Varin or his rune master has presented a sophisticated use of the runes, where he wrote encrypted text with displaced runic letters and numbers representing letters in a very systematic way. Already 100 years ago Sophus Bugge told how to read the runes and that solution has been accepted by the scholars ever since. The system of displacement was already used by Julius Caesar, but has not been found earlier in Scandinavia. Already here we should suspect an assistant of the rune master being influenced by the Carolingian renaissance and the school of Alcuin, where this play with letters and numbers was popular at the time of the stone. It is extremely important to notice the systematic set-up and use of encryption as it explains the structured way Varin and his rune master were thinking - which we need to understand in order to interpret their text. The set-up of the runes covering all the stone combined with the stanza and encryption system must have been carefully planned. We should therefore expect the text to be structured in the same way - with a clear structure, but with certain messages hidden in a complicated way.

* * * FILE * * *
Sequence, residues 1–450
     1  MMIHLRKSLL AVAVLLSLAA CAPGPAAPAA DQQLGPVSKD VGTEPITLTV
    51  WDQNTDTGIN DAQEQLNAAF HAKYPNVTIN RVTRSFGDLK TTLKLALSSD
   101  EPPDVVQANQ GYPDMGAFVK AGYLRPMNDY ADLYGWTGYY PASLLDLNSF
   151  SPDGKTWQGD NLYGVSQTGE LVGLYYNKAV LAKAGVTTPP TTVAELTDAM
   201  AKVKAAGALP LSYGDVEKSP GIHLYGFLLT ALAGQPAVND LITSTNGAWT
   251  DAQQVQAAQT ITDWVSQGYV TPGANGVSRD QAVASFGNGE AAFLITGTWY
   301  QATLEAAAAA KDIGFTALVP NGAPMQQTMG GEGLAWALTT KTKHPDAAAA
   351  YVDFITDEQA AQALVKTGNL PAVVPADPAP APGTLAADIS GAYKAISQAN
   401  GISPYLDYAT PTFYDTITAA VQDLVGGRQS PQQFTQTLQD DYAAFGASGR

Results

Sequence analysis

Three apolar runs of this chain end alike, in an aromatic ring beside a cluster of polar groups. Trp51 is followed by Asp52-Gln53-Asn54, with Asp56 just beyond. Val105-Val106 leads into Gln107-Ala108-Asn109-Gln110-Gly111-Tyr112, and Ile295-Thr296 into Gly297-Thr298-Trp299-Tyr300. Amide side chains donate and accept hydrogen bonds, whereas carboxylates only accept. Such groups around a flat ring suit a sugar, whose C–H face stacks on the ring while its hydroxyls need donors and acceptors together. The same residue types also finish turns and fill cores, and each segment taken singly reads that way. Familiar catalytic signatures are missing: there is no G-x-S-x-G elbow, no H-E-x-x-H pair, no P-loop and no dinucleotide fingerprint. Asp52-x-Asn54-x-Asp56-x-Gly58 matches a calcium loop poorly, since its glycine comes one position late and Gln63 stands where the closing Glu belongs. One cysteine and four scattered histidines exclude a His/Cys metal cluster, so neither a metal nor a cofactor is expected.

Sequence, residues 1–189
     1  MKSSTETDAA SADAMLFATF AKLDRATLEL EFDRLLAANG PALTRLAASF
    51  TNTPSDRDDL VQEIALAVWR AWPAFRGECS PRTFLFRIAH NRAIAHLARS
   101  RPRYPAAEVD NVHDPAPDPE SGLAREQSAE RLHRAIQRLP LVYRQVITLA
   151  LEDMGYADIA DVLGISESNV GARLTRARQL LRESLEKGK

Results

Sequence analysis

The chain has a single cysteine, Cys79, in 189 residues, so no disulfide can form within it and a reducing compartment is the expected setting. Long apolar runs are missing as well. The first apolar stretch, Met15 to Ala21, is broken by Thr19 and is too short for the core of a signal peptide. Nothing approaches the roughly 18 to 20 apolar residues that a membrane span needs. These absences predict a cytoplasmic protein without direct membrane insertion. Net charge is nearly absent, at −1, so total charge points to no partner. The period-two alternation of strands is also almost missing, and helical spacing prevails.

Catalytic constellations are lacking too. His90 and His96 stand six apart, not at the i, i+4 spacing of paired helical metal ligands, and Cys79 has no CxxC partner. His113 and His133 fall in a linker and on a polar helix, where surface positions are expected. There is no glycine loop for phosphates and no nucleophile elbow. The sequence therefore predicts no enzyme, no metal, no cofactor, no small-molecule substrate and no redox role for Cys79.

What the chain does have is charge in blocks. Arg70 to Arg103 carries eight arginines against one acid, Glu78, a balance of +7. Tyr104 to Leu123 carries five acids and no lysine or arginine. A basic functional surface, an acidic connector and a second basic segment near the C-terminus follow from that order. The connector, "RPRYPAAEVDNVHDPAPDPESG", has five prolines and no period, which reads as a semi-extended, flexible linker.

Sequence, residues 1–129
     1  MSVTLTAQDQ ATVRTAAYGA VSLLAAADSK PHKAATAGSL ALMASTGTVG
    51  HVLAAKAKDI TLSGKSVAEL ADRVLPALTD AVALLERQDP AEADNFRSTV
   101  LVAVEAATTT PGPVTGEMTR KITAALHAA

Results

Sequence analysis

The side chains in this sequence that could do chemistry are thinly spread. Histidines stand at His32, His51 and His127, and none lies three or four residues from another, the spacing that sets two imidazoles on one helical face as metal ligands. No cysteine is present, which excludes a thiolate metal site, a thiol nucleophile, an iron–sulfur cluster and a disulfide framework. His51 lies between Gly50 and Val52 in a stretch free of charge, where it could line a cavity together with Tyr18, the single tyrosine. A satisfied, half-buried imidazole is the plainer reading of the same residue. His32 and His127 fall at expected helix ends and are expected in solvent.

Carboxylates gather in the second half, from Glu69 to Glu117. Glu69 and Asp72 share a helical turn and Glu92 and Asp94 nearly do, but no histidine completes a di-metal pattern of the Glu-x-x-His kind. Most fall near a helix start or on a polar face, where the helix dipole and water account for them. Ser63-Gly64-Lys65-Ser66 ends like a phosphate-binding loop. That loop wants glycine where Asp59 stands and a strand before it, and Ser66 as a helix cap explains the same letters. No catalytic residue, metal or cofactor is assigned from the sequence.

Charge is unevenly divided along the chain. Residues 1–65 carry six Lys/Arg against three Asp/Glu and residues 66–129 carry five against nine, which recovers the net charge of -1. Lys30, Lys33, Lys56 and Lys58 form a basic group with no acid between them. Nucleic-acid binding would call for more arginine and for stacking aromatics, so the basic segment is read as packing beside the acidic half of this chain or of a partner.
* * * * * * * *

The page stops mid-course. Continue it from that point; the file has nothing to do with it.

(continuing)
For 150 years the discussion has primarily taken place between runologists, linguists and philologists - which is not my area of expertise. For the last 50 years there has only been limited disagreement about how to set up the text of the stone in modern words and order - though a runic text will always be open for alternative reading. Opposite the linguists have never for more than a century reached an agreement about the fully meaning and purpose of the text. Many scholars prefer today that the stone will remain an insoluble mystery! Others are trying to find new ways of reading the text. However - instead of breaking up the text again and again in order to make it fit another half explanation, which will not survive "Ockhams Razor", we may search for the explanation in other scholarly areas than the Norse literature.

Based on the translation by Helmer Gustavson, Runverket (Riksantikvarieaembetet, "Roekstenen", 2000 - originally 1991) I have set up and tried out a simple solution regarding the interpretation of the text - assuming that Varin used ordinary riddle systems, common Norse legends and European history. Recently Gun Widmark (Widmark 1998) and Joseph Harris (Harris 2006) have confirmed this text to be the closest to an official Swedish translation - a kind of an independent consensus-translation. This translation is very close to Wessén's work 50 years earlier and it had been combined with several interpretations before Helmer Gustavson, Runverket, chose his version without being tied up by a personal interpretation. In the attached diagram ("Text" in the header) the text is presented in an English translation.